Unified Routing Requirements for IPng (RFC1668)
Original Publication Date: 1994-Aug-01
Included in the Prior Art Database: 2000-Sep-12
Internet Society Requests For Comment (RFCs)
D. Estrin: AUTHOR [+3]
This document was submitted to the IETF IPng area in response to RFC 1550. Publication of this document does not imply acceptance by the IPng area of any ideas expressed within. Comments should be submitted to the email@example.com mailing list.
Network Working Group D. Estrin
Request for Comments: 1668 USC
Category: Informational T. Li
T.J. Watson Research Center, IBM Corp.
Unified Routing Requirements for IPng
Status of this Memo
This memo provides information for the Internet community. This memo
does not specify an Internet standard of any kind. Distribution of
this memo is unlimited.
This document was submitted to the IETF IPng area in response to RFC
1550. Publication of this document does not imply acceptance by the
IPng area of any ideas expressed within. Comments should be
submitted to the firstname.lastname@example.org mailing list.
1. IPng Requirements
The following list provides requirements on the IPng from the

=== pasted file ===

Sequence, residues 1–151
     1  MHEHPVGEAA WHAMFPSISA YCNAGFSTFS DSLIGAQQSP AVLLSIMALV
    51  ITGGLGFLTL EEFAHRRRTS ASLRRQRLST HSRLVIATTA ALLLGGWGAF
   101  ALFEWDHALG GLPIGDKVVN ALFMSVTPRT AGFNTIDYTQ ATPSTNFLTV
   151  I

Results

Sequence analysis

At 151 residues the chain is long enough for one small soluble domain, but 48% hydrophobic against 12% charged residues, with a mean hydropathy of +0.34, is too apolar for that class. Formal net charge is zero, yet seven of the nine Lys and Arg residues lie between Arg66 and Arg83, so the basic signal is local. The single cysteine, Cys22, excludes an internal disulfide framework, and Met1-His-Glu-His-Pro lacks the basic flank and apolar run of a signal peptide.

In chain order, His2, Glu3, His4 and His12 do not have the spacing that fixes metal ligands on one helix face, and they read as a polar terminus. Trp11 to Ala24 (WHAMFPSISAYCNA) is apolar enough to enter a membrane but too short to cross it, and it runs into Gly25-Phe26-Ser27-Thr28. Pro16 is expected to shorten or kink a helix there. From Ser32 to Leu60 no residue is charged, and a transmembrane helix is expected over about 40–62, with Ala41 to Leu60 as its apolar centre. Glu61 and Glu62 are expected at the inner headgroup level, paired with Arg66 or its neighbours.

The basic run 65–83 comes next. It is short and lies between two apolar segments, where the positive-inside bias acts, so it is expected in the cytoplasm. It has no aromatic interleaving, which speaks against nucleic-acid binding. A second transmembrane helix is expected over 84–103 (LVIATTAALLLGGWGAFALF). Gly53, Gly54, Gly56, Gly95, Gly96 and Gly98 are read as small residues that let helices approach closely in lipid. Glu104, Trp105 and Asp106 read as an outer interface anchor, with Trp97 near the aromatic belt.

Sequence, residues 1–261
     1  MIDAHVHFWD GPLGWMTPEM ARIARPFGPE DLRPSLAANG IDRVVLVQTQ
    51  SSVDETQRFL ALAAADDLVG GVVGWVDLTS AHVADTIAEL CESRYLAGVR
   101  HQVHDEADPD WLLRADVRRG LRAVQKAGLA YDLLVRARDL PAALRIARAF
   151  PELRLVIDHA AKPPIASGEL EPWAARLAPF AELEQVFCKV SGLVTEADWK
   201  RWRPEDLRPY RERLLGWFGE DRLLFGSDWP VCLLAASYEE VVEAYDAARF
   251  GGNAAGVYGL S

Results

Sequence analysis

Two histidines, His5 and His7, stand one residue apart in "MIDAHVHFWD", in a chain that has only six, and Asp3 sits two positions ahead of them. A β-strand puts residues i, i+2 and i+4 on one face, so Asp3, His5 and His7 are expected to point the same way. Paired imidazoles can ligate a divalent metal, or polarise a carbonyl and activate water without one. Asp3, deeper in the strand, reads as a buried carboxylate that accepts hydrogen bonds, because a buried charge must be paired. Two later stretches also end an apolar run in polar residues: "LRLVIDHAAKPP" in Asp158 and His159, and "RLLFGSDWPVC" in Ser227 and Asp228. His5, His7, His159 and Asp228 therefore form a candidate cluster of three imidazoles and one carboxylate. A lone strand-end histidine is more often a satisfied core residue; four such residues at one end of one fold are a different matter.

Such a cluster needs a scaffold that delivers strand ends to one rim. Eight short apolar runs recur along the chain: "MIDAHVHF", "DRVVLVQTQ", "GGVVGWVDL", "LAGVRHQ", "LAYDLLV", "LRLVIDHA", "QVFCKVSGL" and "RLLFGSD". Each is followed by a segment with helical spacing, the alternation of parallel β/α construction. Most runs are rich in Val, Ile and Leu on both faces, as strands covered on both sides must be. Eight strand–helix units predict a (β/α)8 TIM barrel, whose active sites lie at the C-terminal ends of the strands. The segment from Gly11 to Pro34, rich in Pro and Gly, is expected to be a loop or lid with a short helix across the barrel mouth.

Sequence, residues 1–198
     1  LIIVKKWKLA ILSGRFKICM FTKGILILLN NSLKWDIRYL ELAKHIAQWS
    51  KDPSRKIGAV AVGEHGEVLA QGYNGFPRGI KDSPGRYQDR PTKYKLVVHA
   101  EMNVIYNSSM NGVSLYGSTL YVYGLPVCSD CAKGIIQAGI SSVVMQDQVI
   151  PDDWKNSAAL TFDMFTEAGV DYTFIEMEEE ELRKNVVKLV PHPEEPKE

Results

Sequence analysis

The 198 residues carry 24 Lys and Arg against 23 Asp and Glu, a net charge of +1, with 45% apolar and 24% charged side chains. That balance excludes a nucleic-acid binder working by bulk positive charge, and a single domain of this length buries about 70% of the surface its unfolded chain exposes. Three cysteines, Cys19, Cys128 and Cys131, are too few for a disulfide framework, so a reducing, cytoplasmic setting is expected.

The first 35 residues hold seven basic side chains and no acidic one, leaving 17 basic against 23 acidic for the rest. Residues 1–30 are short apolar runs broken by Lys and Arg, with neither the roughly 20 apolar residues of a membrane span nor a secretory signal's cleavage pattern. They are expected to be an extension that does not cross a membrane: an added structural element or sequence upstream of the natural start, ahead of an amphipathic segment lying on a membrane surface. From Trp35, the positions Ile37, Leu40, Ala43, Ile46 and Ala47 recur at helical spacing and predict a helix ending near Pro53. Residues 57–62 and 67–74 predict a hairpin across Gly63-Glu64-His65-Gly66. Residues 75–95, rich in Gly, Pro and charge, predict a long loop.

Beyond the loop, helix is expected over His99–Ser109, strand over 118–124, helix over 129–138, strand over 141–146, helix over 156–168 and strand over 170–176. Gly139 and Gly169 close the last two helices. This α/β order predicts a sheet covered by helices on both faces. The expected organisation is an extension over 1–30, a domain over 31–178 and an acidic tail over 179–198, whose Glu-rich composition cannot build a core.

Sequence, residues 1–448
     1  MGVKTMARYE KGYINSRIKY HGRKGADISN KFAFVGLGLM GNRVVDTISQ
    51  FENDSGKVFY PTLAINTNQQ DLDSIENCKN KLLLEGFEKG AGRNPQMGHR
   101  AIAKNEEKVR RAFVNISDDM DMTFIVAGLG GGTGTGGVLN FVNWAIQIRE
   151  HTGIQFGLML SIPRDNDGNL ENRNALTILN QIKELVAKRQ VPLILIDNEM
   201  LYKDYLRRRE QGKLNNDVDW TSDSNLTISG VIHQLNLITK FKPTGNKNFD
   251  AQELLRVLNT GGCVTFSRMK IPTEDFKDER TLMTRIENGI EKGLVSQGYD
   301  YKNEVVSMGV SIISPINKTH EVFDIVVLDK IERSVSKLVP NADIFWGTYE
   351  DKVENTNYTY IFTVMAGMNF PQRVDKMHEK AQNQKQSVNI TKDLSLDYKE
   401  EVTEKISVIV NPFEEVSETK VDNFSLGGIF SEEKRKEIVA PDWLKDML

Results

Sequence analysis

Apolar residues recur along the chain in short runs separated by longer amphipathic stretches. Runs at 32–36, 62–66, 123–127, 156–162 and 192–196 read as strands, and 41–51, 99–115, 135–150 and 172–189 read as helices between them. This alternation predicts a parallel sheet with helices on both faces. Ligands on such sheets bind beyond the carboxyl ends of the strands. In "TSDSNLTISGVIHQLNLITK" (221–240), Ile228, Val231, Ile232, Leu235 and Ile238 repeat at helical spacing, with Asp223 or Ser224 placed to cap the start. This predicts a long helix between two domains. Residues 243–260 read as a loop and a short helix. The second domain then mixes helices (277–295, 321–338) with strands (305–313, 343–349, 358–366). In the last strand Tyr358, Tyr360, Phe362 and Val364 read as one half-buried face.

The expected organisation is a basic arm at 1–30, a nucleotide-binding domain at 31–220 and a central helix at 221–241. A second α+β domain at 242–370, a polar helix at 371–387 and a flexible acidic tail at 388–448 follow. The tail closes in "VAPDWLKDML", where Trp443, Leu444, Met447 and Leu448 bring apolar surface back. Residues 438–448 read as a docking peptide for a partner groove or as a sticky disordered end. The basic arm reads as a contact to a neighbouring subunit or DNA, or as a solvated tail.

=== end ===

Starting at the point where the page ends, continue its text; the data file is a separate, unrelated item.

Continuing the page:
perspective of the Unified Routing Architecture, as describe in RFC
1. To provide scalable routing, IPng addressing must provide support
for topologically significant address assignment.
2. Since it is hard to predict how routing information will be
aggregated, the IPng addressing structure should impose as few
preconditions as possible on the number of levels in the hierarchy.
Specifically, the number of levels must be allowed to be different
at different parts in the hierarchy. Further, the levels must not
be statically tied to particular parts (fields) in the addressing
3. Hop-by-hop forwarding algorithm requires IPng to carry enough
information in the Network Layer header to unambiguously determine
a particular next hop. Unless mechanisms to compute
context-sensitive forwarding tables and provide consistent
forwarding are defined, the requirement assumes the presence of
full hierarchical addresses. Therefore, IPng packet format must
provide efficient determination of the full hierarchical
4. Hierarchical address assignment should not imply strictly
hierarchical routing. Therefore, IPng should carry enough
information to provide forwarding along both hierarchical and
5. The IPng packet header should accommodate a "routing label" or
"route ID". This label will be used to identify a particular FIB
to be used for packet forwarding by each router.
Two types of routing labels should be supported: "strong" and
When a packet carries a "strong" routing label and a router does
not have a FIB with this label, the packet is discarded (and an
error message is sent back to the source).
When a packet carries a "weak" routing label and a router does not
have a FI...